In "We Need New Names," NoViolet Bulawayo has written an anguished and angry tale of the African Diaspora. The question it asks is not why things fall apart, but what are the costs of fleeing when it does.
As the book opens, Darling, its heroine, is 10 years old and living in Paradise, one of the worst slums in an unnamed African country.
Every day, Darling leaves Paradise to traipse around the city's nicer neighborhoods in a pack of children, stealing guavas, defecating on trash heaps. The kids' names give you a clue of how wanted they are at home.
There's a Bastard and Godknows. One girl is pregnant at 11. They wear cast-off T-shirts given to them by aid workers, advertising brands they can't afford and colleges they'll never attend. Poignantly, they know their dreams of escape are lined with tin.
"Well, go, go to that America and work in nursing homes," Bastard teases Darling, when she brags of an aunt living in the United States. "Right now she is busy cleaning kaka off of some wrinkled old man."
Chapter by chapter, Bulawayo ticks off the issues that a state-of-the-nation novel by an African should cover — the hypocrisies of the church, elections, the AIDS epidemic, political violence — and beats some subtlety back into them with the hard true sound of Darling's voice.
Bulawayo isn't painting by numbers, but doing something rather more wicked and knowing. She is taking all the issues flattened out by aid appeals and rhetoric and weaving a story around them that defies you to resent Darling for her departure for America.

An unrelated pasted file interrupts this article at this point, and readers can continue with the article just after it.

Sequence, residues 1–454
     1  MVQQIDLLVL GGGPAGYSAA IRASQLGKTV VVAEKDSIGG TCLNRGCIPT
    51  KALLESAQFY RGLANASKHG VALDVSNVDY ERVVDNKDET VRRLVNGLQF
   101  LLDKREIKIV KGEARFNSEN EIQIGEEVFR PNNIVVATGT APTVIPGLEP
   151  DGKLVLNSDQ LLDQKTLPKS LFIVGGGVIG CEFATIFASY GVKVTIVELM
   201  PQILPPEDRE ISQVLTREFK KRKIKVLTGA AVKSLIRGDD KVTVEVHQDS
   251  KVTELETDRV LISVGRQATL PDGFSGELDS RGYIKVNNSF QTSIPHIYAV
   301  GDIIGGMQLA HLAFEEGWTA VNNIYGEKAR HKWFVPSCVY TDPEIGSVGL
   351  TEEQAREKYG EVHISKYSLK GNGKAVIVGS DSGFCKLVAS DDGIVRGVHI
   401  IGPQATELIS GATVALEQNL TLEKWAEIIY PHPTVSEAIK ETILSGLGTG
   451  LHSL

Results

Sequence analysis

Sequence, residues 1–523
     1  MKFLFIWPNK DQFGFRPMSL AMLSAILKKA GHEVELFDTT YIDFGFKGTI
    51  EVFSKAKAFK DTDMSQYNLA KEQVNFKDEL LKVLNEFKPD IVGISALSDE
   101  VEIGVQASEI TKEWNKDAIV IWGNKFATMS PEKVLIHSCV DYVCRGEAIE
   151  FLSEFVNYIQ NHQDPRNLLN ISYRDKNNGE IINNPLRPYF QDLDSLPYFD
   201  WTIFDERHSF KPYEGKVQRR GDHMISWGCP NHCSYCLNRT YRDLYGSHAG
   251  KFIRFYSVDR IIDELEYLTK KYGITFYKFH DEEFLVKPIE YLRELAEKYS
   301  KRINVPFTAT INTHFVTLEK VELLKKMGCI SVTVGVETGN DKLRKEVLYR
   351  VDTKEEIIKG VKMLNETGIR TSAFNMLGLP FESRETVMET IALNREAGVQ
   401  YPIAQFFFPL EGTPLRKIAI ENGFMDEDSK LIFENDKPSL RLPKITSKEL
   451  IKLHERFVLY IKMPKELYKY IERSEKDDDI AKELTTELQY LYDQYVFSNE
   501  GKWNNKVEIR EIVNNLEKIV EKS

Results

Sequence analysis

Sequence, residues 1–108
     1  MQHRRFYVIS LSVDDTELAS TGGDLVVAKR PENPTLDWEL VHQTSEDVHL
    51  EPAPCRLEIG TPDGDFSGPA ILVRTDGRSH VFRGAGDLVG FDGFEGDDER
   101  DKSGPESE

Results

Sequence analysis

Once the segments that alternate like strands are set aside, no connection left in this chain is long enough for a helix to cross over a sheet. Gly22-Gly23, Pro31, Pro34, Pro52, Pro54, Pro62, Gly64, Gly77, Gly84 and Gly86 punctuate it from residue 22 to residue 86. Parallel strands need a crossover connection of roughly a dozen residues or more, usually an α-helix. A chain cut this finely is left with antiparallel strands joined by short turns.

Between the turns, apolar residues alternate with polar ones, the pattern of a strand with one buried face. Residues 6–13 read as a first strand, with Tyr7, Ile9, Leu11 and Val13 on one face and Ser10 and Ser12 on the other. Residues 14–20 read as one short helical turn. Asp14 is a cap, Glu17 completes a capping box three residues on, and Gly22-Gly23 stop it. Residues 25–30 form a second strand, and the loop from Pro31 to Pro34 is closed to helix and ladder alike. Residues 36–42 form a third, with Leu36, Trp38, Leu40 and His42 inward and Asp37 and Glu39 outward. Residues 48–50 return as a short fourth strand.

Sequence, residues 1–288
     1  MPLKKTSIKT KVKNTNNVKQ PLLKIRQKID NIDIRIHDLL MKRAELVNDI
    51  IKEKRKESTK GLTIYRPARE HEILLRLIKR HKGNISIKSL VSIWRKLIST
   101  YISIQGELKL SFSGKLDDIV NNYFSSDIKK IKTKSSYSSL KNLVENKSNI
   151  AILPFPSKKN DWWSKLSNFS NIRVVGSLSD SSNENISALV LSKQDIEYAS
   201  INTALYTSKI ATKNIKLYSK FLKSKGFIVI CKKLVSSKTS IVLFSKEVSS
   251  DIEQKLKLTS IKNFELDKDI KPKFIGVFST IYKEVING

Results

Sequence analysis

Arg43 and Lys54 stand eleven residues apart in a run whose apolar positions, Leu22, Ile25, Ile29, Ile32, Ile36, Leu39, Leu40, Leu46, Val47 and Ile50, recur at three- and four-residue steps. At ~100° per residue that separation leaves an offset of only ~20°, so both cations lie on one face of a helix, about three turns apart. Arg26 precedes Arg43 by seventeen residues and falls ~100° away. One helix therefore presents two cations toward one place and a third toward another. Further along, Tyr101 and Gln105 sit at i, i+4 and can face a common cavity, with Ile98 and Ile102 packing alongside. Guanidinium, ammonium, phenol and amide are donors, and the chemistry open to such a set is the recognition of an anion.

In the book's second half, Darling moves to live with her aunt in "Destroyed Michygen," or Detroit. Only it, too, is circling the drain.
As Darling comets toward adulthood, her voice becomes more elastic and American. Cynical, rather than merely skeptical. "I know her crazy boyfriend beat her up," she gibes of Rihanna, "but I don't think she had to be all over, like her face was a humanitarian crisis, like it was the [expletive] Sudan."
Forty years ago this year, Kenyan writer Ngugi wa Thiong'o wrote his country's first modern novel in Gikuyu, "Devil on the Cross," on scraps of toilet paper while he was in prison.
He believed African novelists should renounce colonial tongues and relearn their native languages. He has a powerful political point.
Still, there is another way to tell an African story, and Bulawayo has done it here with "We Need New Names," recently named to the Man Booker longlist. With fury and tenderness, she has made a linguistic bridge between here and there, a journey her heroine charts in this phenomenal tale with the gallows humor of a girl who knows how far down it is when things fall apart.
John Freeman is the author of "How to Read a Novelist," forthcoming in October from Farrar, Straus and Giroux.